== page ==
Fair Play

Fair Play

“I like smart actors,” Eric Ting says. He’s discussing the new production of the drama Clybourne Park he’s directing for the Long Wharf Theater. The show begins previews tonight, has its opening night May 15, and runs through June 2.

Clybourne Park, one of the most produced plays of this theater season nationwide, requires smart actors. The script, which won a Pulitzer Prize for playwright Bruce Norris, is a deft mix of dialogue and diatribe, of outreach and outrage. Attempts to defuse tensions actually aggravate them. A spate of joke-telling, some of it in very bad taste, challenges both the actors and the audience.

If smart actors are essential, so is a smart director. Ting, who’s been with Long Wharf for nearly a decade as the theater’s Associate Artistic Director, has distinguished himself by bringing complexity and psychological depth to plays where some other directors might deliver only cheap stereotypes. The Long Wharf production Ting did which comes closest to the racial and social themes of Clybourne Park might be the stage adaptation of Toni Morrison’s The Bluest Eye, which was presented at both Long Wharf and Hartford Stage in 2008. That play concerned African-American families whose life goals have been dashed by the limited opportunities available to them in a Midwestern American city in the mid-20th century.

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Clybourne Park concerns a white couple, moving into what for decades has been a largely African-American neighborhood. They have proposed extravagant renovations to the house they’ve purchased, and some of the neighbors have concerns.

But that’s just the play’s second act. The first act has the same actors playing other roles—in some cases, ancestors of the characters they’ll play in Act Two—and depicting a time in the late 1950s when that same house had white owners who chose to sell their home to a black family. In this act, it’s white neighbors who are concerned about the cultural, social and economic impact of the house changing hands.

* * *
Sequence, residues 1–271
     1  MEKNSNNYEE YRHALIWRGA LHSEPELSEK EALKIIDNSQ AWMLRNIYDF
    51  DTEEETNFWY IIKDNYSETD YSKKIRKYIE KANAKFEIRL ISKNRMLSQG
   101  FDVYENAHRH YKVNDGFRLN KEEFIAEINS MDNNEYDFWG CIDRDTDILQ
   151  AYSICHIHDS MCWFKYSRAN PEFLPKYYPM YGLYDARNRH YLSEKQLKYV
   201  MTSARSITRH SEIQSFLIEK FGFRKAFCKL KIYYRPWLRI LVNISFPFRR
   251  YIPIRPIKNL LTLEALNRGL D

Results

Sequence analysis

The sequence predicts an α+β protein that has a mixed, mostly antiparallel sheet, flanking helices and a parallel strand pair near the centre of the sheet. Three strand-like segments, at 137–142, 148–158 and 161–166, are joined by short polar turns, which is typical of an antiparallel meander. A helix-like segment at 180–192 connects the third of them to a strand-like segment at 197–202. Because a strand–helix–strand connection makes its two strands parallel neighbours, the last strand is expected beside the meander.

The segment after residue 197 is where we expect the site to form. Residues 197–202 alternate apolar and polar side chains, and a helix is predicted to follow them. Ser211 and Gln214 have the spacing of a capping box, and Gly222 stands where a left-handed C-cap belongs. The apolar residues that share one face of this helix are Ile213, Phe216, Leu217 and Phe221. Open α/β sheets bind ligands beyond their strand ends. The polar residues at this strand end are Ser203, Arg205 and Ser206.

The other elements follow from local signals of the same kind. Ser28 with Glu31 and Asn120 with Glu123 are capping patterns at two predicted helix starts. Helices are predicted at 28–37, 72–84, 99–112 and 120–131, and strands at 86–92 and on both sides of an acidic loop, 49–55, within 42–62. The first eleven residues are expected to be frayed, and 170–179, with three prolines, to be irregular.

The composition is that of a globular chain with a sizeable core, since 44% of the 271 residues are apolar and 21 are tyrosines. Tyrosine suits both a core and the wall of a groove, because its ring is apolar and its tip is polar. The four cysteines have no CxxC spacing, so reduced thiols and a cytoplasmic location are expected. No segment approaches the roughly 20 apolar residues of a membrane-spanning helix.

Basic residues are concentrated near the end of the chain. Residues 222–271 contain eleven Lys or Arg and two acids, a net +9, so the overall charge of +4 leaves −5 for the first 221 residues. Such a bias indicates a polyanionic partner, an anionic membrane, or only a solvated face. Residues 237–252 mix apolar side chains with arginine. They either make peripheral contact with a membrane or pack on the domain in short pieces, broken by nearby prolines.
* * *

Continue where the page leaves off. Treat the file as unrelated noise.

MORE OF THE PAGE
One of the many clever touches in Norris’s play is that the family which is buying the house in Act One is not shown and is only referred to offhandedly, but is revealed to be the family from one of the great classics of American theater, Lorraine Hansberry’s A Raisin in the Sun. That 1959 drama is about a family, the Youngers, dreaming of escaping poverty and dead-end jobs as they grow closer to moving from the South Side to a different, predominantly white section of the city. A minor character, the racist Karl Lindner, who offers a large sum of money to the Youngers if they change their minds about moving to the white neighborhood, reappears in Clybourne Park’s first act spouting the same bigotry-fueled concerns about desegregation.

The Westport Country Playhouse presented A Raisin in the Sun last year and joined the Long Wharf in helping interested audience members get a chance to see both plays, through special discounts and cross-promotions. Leroy McClain, who plays Albert and Kevin in the Long Wharf’s Clybourne Park, starred in A Raisin in the Sun just last month at the Huntington Theater in Boston.

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In most regional theaters around the country, it’s common to produce recent New York hits as soon as the rights to those plays are made available. That programming strategy rarely happens in New Haven, where Broadway is just a commuter-rail ride away. The Long Wharf and Yale Rep are more inclined to send new shows into New York. But both Eric Ting and Long Wharf Artistic Director Gordon Edelstein have both said that this play speaks so strongly to communities like New Haven that they simply couldn’t resist doing it. “Gordon wanted to do this play for New Haven,” Ting says. As director, he says, “I’m trying to pay respect to that choice.”